Stock exchanges are the pillars of the stock market and indirectly the market for equity funds. Their efficiency, transparency and integrity ensures the stability of a major chunk of the financial system. Let us see the major features of stock exchanges, especially in India.
When a company is raising capital to finance its operations, it has two major options – sell a share of its company to an investor or take on debt from banks or other institutions or individuals. Many choose the former path as they do not have to give away cash right away in the early months or years of the business.
There are two ways in which a company can sell its share(s). First, it can ask for equity-based investment from an investor (an angel investor or a venture capitalist).
This would be an over-the-counter or OTC transaction, i.e. done privately, sometimes through a broker. Second, once the company has amassed a certain level of capital, net worth or valuation, it can get onboarded to a stock exchange, where the general public can buy and sell its shares (or stocks) easily. A company is said to go public when its stocks get listed as tradable stocks on the stock exchange.
Basics of a Stock Exchange
A stock market is a platform where shares of companies can be bought and sold by both institutional investors as well as the general public. The stocks of only those companies that are listed on the exchange can have their shares traded on the exchange. Despite its name, it can be a place where not only stocks but also bonds and derivatives on equity, currency or commodity can be traded.
Modern stock exchanges operate via electronic order book i.e. the placing and execution of all orders take place through an electronic medium. Therefore, the orders placed by investors are matched with the available share prices – when they match, the trade is executed.
As such, investors can invest in listed shares via a broker who gives the investor the platform as well as advice on which assets to buy. However, the investors can also trade in those shares directly via a trading member of the stock exchange using the DMA or direct market access feature of the stock exchange.
Which companies can get listed?
In order to get listed, a company has to maintain a certain level of valuation and profitability as mandated by SEBI. Without meeting those SEBI criteria, their application for IPO would be rejected. In addition to the criteria set by SEBI, there can be other criteria set by the stock exchanges such as NSE – these need to be met as well and only then will the stock get listed.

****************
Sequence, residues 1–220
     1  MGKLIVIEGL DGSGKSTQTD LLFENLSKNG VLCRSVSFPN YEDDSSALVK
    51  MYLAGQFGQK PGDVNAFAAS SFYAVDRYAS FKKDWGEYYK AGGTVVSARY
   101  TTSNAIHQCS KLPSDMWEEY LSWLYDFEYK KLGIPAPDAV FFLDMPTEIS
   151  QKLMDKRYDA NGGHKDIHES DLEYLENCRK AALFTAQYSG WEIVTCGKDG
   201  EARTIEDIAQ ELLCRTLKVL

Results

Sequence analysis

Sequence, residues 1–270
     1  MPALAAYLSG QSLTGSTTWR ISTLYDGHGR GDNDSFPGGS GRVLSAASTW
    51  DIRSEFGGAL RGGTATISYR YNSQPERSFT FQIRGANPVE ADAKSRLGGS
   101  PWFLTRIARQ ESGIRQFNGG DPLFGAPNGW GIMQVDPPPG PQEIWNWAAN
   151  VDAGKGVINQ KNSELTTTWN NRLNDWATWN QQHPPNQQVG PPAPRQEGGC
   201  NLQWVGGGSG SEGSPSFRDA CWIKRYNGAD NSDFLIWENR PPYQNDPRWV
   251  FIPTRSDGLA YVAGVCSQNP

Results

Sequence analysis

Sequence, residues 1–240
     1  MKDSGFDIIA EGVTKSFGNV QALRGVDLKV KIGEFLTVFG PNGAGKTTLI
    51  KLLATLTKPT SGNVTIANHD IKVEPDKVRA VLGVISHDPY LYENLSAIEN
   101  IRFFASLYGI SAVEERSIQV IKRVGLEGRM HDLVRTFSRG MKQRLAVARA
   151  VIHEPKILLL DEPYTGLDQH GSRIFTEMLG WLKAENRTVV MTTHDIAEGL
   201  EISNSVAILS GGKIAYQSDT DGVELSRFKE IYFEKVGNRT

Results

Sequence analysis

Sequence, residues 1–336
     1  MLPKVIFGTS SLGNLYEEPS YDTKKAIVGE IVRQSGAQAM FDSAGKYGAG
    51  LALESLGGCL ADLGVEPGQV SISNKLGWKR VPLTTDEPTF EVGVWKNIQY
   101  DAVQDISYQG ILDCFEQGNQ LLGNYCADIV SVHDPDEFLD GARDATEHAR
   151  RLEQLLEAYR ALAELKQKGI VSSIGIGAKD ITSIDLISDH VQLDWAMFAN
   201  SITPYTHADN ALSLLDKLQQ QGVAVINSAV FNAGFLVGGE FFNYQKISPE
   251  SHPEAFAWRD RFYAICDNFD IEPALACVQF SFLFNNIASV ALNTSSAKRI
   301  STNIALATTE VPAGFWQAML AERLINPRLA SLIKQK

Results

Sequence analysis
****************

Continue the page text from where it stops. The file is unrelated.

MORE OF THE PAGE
Benefits of stock exchange
The following are some of the reasons why stock exchanges exist –
Protection of investor and corporate interests –
Stock exchanges being centralised platforms, the regulation of transactions are much easier to implement if those transactions are conducted through the stock exchange. For example, ensuring that margins in stock trading are paid in time would be next to impossible in a decentralised share-trading system. This would have led to a lack of trust among both investors and corporates, leading to higher transaction costs for everyone as well as unnecessary delays and litigations.
Efficient trading of shares –
Stock exchanges offer higher liquidity to investors as they can easily buy and sell shares on the stock exchange platform than in a decentralised system. Moreover, because liquidity is high and the information related to the stock is publicly and equitably distributed, the price at which the stock is traded is also a fair price (not a negotiated one).
Efficient dissemination of information –
Stock exchanges allow and sometimes mandate easier dissemination of information related to prices of shares and the volumes traded. The huge amount of data generated by the centralised platform allows stockbrokers and investors to trade shares with better knowledge and react to big and small events quickly and effectively. The infrastructure provided by the stock exchange also helps the companies to track their share price and take appropriate action in time.
Easier access to capital –
Getting listed on a stock exchange allows companies to raise capital without having to spend time and resources pitching their stock to individual investors.